Structures to be aligned are supplied as the list of PDB IDs (Fig. 2b), as the file containing the list of PDB IDs separated by whitespaces or as PDB files each containing a particular structure (Fig. 2c). The last option comes handy if users need to align their own structures that were not deposited into the PDB database. Optionally, the chain ID separated by a colon from the PDB ID may be specified. Otherwise, all chains in the structure are considered for an alignment. The parameters of the SETTER algorithm for the pairwise structural alignment, described in a detail previously [21, 22], can be easily modified on the input page (Fig. 2d). However, in such case only the \( \overline{S} \)-distance is reported because p-value calculation is possible only for default algorithm parameters. When a user submits a query, the SETTER database is checked for the presence of structures the query consists of. If a structure is not present in the SETTER database, it is downloaded from the PDB database [43], parsed, its hydrogen-bonding patterns are calculated by 3DNA [42] and the whole structure with all metadata is stored in the SETTER database. From the list of structures and their metadata, the XML file that carries the configuration of a multiple structure alignment task is generated and sent to the MultiSETTER application. The application performs the calculation specified in the XML file in the background. Once finished, an output XML file with the results is created and further processed to visualize the results. A user is notified on a screen (Fig. 2e) about all steps of the process. In the case of a successful alignment, a user is provided with a unique URL that is valid for the next 10 days.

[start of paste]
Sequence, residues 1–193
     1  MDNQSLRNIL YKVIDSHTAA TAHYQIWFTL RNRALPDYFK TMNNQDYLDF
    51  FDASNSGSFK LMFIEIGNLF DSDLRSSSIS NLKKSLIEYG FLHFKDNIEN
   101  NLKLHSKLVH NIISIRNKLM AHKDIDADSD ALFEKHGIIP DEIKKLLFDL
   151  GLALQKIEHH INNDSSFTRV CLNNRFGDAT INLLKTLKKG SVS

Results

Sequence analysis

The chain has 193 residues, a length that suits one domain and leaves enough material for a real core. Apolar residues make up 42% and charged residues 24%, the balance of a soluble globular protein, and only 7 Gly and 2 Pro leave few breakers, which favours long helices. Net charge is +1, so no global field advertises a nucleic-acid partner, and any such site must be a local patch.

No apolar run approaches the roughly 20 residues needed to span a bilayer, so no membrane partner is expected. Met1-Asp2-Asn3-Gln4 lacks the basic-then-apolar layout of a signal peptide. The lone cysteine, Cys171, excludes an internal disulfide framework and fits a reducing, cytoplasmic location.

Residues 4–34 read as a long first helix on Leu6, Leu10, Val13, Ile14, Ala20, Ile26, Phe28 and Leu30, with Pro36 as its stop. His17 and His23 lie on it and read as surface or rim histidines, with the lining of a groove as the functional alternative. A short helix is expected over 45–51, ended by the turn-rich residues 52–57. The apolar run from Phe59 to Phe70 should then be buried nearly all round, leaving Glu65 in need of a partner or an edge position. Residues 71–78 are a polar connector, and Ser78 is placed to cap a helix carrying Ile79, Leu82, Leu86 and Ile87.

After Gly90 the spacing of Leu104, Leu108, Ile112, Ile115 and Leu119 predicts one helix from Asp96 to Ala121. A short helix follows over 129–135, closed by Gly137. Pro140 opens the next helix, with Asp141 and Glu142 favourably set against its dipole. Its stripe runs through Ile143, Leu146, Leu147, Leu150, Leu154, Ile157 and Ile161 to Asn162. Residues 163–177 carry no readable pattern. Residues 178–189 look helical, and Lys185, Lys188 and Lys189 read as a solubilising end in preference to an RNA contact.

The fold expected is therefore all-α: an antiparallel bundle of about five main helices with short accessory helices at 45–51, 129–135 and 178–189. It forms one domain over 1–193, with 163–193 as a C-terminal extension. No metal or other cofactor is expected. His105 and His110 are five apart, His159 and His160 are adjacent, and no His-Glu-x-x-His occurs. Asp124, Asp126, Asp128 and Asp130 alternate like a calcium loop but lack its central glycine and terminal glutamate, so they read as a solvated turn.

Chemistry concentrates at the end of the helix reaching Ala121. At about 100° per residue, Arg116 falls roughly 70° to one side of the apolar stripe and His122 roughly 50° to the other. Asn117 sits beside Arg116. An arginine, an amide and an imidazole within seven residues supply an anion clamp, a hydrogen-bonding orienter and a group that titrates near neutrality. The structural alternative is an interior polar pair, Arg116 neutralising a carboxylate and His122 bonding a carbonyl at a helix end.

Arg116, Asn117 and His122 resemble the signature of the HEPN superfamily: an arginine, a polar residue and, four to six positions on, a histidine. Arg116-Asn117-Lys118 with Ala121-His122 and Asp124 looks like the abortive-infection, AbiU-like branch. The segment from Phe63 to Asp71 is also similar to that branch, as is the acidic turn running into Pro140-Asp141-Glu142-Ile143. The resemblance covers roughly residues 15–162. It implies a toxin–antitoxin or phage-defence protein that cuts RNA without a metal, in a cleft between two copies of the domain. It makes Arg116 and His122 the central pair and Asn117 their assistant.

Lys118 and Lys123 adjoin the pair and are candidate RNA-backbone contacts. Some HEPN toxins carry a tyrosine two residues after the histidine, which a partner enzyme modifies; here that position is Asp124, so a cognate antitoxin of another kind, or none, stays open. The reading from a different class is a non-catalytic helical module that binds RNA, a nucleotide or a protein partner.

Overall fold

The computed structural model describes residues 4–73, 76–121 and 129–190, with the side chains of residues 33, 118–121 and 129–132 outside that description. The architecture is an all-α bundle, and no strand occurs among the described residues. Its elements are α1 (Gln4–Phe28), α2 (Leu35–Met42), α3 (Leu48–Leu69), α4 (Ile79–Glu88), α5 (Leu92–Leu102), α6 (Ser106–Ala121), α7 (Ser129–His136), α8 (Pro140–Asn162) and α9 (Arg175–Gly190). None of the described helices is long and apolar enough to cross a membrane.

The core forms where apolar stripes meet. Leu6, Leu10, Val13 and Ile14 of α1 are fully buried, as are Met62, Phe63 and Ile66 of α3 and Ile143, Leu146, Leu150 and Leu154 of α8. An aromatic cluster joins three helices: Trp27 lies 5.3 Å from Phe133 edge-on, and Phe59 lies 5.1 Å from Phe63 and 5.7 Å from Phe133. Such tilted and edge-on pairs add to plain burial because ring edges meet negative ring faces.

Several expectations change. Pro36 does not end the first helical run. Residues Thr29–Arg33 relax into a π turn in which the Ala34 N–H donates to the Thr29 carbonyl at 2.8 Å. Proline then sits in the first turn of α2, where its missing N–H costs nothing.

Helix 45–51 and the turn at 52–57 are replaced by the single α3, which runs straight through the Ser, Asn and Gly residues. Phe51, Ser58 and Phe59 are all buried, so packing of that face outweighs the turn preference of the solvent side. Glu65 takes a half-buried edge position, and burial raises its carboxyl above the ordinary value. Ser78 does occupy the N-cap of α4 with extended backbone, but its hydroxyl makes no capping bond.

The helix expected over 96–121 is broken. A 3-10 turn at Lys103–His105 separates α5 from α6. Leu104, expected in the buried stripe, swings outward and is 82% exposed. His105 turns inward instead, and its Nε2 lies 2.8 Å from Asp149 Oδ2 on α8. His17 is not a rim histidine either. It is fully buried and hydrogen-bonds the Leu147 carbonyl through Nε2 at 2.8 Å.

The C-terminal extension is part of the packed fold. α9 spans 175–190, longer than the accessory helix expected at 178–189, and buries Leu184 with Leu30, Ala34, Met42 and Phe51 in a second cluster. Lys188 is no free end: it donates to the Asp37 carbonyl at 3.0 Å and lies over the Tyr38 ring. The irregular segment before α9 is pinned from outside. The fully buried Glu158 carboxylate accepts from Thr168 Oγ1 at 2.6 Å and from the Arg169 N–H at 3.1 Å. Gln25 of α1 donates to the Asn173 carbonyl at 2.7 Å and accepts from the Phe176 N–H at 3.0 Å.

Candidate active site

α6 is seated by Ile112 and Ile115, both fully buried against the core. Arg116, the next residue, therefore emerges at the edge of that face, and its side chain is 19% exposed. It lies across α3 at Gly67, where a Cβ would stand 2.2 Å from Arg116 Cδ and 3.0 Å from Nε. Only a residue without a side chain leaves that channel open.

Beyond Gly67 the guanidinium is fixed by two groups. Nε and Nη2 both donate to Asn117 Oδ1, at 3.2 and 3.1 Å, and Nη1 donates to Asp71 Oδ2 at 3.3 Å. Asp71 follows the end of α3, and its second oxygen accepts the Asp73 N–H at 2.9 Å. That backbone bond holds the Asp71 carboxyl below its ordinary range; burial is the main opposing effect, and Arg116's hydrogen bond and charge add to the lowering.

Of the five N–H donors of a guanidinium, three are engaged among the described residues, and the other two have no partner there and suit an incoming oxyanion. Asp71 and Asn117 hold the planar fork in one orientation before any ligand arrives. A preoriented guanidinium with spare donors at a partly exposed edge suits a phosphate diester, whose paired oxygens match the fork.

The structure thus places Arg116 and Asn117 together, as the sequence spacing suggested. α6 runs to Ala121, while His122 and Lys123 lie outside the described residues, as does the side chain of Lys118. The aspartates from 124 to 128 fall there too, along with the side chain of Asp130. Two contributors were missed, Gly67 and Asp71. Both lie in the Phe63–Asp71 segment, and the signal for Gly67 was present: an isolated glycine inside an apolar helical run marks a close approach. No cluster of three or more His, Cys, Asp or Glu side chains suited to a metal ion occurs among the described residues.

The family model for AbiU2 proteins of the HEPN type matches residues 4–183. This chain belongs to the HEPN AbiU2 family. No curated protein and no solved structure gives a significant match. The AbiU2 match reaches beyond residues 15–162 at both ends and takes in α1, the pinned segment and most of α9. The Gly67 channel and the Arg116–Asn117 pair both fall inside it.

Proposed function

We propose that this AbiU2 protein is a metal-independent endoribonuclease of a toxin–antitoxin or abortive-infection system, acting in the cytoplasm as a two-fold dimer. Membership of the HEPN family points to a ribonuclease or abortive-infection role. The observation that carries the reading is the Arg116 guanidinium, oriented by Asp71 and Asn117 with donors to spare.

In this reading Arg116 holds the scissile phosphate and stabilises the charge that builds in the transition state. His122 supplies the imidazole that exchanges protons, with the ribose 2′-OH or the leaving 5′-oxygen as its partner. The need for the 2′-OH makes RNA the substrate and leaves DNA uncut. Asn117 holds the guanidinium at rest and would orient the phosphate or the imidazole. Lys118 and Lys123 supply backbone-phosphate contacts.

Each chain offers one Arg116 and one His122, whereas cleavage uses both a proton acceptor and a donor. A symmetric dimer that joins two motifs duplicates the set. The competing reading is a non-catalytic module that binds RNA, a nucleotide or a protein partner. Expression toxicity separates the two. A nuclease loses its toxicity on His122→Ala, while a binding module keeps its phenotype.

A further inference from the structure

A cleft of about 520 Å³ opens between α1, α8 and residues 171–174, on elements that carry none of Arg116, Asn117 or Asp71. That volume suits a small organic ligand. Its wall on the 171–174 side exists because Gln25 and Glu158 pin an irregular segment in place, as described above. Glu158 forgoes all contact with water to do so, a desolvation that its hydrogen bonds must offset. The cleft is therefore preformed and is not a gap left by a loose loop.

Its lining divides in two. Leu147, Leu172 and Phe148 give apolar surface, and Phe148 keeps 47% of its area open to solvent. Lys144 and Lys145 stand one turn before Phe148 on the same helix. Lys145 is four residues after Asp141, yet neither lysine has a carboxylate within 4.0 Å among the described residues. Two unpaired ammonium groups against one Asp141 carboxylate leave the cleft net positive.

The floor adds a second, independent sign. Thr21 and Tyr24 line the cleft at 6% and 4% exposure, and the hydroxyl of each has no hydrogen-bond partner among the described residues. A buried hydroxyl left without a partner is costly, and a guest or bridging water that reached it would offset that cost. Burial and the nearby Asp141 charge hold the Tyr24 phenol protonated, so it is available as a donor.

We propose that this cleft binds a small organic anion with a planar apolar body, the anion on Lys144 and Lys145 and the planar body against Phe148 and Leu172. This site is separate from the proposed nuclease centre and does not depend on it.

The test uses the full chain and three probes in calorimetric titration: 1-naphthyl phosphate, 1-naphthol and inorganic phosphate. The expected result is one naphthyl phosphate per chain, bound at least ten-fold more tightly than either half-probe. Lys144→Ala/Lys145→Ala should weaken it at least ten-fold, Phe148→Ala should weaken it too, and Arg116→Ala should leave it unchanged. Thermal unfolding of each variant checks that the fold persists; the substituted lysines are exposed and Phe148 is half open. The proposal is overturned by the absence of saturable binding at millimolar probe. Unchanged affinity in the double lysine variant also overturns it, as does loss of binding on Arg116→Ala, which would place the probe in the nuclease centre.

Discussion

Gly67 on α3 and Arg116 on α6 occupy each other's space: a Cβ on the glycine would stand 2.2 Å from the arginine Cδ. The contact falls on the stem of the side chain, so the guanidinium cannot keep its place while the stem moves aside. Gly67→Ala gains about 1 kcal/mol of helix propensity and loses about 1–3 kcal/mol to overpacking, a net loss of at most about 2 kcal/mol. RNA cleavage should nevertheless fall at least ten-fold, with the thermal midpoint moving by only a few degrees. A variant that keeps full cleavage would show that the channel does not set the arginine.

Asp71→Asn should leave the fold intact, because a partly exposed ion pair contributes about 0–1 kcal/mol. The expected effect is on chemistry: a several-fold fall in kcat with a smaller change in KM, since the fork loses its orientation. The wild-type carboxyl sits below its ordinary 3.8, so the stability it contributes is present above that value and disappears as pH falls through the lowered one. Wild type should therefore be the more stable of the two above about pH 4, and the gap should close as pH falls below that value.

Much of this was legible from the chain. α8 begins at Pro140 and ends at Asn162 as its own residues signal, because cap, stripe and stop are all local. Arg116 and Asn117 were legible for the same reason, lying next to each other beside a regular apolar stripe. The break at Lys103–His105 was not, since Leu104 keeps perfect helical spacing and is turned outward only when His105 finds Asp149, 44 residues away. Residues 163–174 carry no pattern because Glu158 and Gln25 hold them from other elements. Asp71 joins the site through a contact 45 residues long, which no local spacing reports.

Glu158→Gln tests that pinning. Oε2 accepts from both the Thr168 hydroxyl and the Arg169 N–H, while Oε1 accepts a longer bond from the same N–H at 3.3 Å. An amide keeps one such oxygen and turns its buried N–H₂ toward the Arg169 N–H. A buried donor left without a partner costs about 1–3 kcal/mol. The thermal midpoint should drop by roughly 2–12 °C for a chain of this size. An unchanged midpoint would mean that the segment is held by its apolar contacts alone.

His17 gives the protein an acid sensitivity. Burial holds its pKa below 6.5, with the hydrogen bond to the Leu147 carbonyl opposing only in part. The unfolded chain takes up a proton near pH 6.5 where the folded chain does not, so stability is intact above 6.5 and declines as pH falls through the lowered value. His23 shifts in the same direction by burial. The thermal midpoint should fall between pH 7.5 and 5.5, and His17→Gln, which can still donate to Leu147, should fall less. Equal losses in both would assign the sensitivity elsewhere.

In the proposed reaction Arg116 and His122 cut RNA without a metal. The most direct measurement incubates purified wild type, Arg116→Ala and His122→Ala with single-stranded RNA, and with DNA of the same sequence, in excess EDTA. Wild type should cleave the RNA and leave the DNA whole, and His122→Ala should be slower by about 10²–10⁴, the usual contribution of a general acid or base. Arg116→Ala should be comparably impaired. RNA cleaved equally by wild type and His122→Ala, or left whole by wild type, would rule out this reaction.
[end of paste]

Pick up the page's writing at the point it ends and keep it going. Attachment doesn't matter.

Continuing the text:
Output